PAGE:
Jesus died our death that we might receive His life
Isaiah 53 gives us a detailed prophetic description of the suffering of Jesus, written more than seven hundred years before it took place.
“He was oppressed and He was afflicted, yet He did not open His mouth; like a lamb that is led to slaughter, and like a sheep that is silent before its shearers, so He did not open His mouth. By oppression and judgment He was taken away; and as for His generation, who considered that He was cut off out of the land of the living, for the transgression of my people to whom the stroke was due? His grave was assigned with wicked men, yet He was with a rich man in His death, because He had done no violence, nor was there any deceit in His mouth.” (Isaiah 53:7–9, NASB)
These details were accurately fulfilled in the sufferings and death of Jesus. First, the Gospels emphasized several times that Jesus made no attempt to answer His accusers, justify Himself, or plead His own cause (see, for example, Mark 15:3–5). Unjust accusation and an unfair trial led to His death, and “He was cut off out of the land of the living.”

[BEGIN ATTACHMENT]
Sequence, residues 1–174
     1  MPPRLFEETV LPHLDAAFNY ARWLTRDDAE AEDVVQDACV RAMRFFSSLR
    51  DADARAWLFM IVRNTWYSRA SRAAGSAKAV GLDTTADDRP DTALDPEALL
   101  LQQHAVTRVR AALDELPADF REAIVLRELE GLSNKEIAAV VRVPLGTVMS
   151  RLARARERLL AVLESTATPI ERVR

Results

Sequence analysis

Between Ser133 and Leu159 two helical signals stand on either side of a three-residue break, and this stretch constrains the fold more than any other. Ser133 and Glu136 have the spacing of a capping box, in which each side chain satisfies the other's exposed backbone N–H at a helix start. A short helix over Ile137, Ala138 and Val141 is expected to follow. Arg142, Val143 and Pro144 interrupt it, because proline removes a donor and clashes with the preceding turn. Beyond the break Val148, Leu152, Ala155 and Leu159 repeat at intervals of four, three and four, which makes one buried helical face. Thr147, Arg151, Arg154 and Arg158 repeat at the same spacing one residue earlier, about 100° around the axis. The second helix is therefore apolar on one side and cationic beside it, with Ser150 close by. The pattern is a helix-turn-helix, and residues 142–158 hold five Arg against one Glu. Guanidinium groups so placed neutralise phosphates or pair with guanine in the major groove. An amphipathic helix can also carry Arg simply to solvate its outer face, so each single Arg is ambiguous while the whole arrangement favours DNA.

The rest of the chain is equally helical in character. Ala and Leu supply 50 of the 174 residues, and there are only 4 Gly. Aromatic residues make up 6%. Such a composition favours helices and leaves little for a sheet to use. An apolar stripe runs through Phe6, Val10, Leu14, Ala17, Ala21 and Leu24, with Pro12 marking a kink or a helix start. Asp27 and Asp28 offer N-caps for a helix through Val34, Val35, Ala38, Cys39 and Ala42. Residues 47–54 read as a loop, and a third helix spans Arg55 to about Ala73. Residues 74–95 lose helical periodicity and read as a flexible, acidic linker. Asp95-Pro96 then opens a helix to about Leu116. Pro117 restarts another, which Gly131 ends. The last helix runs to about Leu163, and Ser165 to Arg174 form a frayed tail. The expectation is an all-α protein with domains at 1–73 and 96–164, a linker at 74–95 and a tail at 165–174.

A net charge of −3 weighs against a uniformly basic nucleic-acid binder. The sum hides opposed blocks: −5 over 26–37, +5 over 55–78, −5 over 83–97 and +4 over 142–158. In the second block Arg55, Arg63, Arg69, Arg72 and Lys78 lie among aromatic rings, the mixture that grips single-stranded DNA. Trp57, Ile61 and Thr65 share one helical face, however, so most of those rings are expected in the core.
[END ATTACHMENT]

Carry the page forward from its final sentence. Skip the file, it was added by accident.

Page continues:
The details of His burial are also amazingly accurate: “His grave was assigned with wicked men, yet He was with a rich man in His death.” We move from the plural “with wicked men” to the singular “a rich man.” Historically, we find that Jesus was taken down for burial with two thieves who were hung on either side of Him, but then He was buried in the tomb of a rich man, Joseph of Arimathea.
Isaiah emphasizes that it was not for His own sin or guilt that Jesus died. He was totally innocent, yet He died the death of a criminal.
Thank You, Jesus, for Your work on the cross. I proclaim that You suffered and died for me—that Jesus died my death that I might receive His life. Amen.